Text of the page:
There are plenty of buses in La Ceiba. The cost is 8 Lempiras within the city. A bus will continue to pick up people until it is full. Be advised that if a bus doesn't stop to pick you up it's because it has reached capacity. Just stand at the side of the road and flag one down when you see it coming. The people who ride the buses are locals that want to travel in a more economical manner.
Excellent options with children are:
The Banana Republic hostel located between 12 Calle and 13 Calle on Ave La Republica (3 1/2 blocks south of Parque Central) offers daily commutes to and from their Jungle River Lodge, ~20miles north in the Pico Bonito national rain forest. Here they offer adventure in the form of canopy tours (i.e. ziplines from platform to platform built into the treetops) and whitewater rafting (very intense during the rainy season) among other activities.
Ask a local about nightly football games at the Municiple Stadium located about 4 blocks east of Parque Central. The East side of the stadium has a much more lively atmosphere than the family outing-like setting of the West side; the tickets are a slightly more expensive but certainly worth it for a more authentic experience.
The souvenir shop with the largest selection in La Ceiba, including a good variety of local art and artisan work, is the Rain Forest located just to the northwest of the stadium in Colonia El Naranjal. Local hammocks can be purchased around central park at a reasonable price, but start your negotiations at half the asking price.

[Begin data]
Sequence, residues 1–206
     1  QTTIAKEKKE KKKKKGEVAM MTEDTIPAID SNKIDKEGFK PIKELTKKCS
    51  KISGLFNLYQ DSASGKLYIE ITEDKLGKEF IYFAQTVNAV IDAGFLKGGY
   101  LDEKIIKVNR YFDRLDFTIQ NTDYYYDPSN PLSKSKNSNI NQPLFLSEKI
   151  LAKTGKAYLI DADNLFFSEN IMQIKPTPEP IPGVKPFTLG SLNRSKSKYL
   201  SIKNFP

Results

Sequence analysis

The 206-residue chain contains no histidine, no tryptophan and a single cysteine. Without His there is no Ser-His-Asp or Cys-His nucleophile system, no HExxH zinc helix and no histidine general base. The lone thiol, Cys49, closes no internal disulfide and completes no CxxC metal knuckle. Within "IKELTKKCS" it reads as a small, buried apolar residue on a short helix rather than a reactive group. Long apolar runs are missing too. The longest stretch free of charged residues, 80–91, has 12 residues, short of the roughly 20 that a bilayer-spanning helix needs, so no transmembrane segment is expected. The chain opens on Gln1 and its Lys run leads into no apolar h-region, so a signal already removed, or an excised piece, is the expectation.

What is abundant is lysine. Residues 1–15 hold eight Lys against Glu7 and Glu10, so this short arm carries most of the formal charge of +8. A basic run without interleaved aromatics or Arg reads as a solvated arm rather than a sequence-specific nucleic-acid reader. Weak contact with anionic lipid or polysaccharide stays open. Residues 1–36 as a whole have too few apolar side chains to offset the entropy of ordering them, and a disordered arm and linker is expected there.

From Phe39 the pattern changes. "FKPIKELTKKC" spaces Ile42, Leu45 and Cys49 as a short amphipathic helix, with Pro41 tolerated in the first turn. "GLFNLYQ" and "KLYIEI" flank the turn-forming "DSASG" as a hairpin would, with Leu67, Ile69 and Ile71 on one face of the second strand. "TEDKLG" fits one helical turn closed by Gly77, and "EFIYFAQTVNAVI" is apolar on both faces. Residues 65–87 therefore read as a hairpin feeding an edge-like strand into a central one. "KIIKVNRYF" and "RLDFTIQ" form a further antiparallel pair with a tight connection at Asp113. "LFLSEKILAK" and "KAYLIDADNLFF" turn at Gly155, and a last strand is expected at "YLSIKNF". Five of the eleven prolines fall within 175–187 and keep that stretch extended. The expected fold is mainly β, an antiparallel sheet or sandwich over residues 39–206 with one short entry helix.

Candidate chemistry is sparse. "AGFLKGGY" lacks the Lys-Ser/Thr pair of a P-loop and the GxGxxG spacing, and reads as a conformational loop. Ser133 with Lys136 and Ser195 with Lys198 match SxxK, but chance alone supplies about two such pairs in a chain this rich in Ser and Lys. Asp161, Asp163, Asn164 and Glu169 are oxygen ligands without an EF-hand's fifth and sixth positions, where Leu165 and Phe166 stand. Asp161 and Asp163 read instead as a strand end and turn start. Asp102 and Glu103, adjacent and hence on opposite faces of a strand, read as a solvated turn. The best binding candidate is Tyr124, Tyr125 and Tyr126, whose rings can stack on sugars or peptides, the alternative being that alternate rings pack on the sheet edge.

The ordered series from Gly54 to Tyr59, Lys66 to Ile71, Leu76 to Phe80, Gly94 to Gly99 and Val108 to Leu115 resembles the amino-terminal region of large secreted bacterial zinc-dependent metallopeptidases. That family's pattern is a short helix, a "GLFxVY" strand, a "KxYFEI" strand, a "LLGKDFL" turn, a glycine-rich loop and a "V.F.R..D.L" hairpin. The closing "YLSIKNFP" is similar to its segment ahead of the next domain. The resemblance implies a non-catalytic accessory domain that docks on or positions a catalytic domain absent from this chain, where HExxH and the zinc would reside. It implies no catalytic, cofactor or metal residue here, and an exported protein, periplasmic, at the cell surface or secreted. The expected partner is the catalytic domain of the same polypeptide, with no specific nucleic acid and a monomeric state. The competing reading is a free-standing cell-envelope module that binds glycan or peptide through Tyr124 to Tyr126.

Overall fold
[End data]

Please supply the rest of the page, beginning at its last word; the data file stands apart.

A great place for tourists and ex-pats alike is Bar Expatriados, any cab driver or local will know its roof top downtown location (in Barrio El Iman at the end of Calle 12). The former owners, Mark and Maureen have returned to Canada but the new American owners, Joe and his wife Michelle, are helpful and friendly. The menu is typical American/Honduran. Great burgers and imported/domestic beer. The cost for a meal is expensive compared to the non ex-pat places but much cheaper then a fancy restaurant. A night of dinner and drinks for 2 will run you about $30USD
The Mango Tango is another popular moderately priced restaurant along the beach strip in the Zona Viva (Calle 1 along the beach).
Ricardos on Avenida 14 de Julio is also delicious and well priced and serves some of the best food in Central America and has the awards to prove it. They are at the top end of the price scale in La Ceiba but still half what you would expect to pay for the same plate above the Rio Grande.